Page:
Although there is evidence of some previous experiments in China, the first reference to hot air balloons is found in the XVIII century. These first steps in the history of aerostation weren’t given to the Montgolfier brothers, as is widely believed, but by the inventor and Jesuit priest Bartolomeu Lourenço de Gusmão. It is said the idea of an instrument lighter than the air came as he observed a soap bubble rising in the hot air surrounding a flame. He immediately perceived the possibilities of his idea and made a patent request to the king of Portugal, Juan V.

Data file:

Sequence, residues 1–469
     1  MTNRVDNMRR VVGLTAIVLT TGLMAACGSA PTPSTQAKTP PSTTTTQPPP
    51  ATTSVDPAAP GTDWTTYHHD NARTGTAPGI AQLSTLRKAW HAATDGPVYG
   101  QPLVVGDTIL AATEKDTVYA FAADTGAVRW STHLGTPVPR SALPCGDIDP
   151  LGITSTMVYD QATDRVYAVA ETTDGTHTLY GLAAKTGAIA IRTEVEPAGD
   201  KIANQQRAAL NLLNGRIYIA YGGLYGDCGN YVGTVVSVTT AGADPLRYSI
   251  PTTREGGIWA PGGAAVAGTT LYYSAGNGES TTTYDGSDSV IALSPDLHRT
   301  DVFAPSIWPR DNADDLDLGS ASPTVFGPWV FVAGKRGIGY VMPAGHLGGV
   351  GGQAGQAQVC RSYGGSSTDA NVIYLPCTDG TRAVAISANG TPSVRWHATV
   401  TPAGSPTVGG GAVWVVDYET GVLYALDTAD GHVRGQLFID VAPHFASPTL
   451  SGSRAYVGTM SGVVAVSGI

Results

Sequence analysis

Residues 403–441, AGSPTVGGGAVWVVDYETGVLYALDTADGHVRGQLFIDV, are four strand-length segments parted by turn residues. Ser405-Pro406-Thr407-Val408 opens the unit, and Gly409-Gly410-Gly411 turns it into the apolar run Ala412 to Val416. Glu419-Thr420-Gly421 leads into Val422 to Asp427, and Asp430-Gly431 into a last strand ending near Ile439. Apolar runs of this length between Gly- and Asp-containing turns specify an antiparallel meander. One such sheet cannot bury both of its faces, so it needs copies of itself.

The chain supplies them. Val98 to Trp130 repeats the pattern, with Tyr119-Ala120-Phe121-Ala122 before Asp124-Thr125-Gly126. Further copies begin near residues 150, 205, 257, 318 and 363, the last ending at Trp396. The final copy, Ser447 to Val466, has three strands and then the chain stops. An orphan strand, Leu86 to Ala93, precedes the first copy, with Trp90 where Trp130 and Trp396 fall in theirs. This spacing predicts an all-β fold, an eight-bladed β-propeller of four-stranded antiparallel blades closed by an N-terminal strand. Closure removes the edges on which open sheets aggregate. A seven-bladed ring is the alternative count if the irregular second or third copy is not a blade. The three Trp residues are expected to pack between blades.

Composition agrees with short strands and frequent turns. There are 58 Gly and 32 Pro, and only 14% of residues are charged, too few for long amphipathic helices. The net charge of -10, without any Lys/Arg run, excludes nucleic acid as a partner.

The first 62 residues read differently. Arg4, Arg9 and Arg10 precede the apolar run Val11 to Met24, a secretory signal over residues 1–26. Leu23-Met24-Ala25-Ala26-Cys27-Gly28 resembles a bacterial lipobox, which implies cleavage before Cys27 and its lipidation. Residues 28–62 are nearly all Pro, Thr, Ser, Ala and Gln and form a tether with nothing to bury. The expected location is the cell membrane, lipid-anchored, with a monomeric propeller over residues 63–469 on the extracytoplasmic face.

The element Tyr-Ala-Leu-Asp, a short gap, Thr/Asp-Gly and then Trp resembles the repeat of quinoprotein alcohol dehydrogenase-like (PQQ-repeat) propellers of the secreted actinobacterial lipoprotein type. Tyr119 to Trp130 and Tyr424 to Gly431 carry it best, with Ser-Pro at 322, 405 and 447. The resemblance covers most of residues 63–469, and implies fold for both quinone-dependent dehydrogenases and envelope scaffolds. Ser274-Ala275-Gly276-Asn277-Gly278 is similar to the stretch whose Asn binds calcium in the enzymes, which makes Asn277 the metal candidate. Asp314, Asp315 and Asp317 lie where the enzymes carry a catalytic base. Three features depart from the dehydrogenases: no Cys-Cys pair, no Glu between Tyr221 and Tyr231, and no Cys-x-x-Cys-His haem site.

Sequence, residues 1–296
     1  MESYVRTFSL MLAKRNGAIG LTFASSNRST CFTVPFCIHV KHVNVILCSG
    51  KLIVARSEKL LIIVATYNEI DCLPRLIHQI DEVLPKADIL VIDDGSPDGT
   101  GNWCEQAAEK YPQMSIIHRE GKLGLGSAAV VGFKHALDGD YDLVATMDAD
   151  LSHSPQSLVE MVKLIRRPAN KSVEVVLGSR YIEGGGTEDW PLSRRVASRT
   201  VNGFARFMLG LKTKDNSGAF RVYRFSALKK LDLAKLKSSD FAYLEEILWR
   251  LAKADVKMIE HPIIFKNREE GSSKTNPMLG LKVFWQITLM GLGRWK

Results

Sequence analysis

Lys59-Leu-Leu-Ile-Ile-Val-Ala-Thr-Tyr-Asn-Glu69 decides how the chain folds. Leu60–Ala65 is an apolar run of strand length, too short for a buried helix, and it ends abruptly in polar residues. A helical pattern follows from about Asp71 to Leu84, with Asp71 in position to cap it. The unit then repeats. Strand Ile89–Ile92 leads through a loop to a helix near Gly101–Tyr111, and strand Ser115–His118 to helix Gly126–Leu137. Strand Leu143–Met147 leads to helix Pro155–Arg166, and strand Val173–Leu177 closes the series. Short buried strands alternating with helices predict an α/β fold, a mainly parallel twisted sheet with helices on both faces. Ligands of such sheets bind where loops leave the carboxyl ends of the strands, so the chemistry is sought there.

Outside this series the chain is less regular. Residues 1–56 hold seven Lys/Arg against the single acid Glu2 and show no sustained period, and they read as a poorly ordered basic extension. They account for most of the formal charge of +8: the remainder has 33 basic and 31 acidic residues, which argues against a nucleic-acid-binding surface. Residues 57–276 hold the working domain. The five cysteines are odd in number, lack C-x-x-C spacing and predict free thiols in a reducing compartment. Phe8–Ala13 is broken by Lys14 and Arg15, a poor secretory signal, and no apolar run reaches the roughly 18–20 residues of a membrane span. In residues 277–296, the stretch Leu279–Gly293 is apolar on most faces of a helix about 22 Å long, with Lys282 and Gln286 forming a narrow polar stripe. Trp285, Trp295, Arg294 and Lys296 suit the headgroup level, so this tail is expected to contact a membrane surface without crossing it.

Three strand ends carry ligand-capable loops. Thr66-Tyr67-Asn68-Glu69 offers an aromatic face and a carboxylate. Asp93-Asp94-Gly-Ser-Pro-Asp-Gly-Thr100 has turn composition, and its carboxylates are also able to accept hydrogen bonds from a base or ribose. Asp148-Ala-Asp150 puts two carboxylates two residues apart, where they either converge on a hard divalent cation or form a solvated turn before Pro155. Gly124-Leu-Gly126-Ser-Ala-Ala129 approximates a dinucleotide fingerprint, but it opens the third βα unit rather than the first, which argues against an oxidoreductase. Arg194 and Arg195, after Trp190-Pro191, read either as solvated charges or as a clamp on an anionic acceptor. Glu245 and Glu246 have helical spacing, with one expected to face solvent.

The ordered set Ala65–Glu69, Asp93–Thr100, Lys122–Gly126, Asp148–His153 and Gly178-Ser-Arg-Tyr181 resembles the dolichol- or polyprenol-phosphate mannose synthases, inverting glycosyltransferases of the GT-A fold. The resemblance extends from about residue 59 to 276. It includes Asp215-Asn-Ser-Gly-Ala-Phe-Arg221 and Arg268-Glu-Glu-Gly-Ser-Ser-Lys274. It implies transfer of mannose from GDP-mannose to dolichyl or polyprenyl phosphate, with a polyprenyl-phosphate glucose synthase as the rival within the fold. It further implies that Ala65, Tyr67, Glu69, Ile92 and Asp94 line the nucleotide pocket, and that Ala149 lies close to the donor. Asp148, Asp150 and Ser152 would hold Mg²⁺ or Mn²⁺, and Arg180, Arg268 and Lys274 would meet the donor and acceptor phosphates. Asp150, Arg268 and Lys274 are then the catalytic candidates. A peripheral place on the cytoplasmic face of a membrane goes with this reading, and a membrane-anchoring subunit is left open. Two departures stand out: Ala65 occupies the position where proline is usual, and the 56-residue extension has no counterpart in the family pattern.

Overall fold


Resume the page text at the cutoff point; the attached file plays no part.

The first public demonstration, before the court, was made on August 8, 1709, at the India House in Lisbon. Bartolomeu managed to lift his aircraft about 4 meters before it set on fire. His invention was called Passarola. Later however, without receiving the proper acknowledgment, he was defamed by the inquisition, pursued and forced to run away.
He fled to Spain and died in Toledo due to a fever at the age of 39 years.
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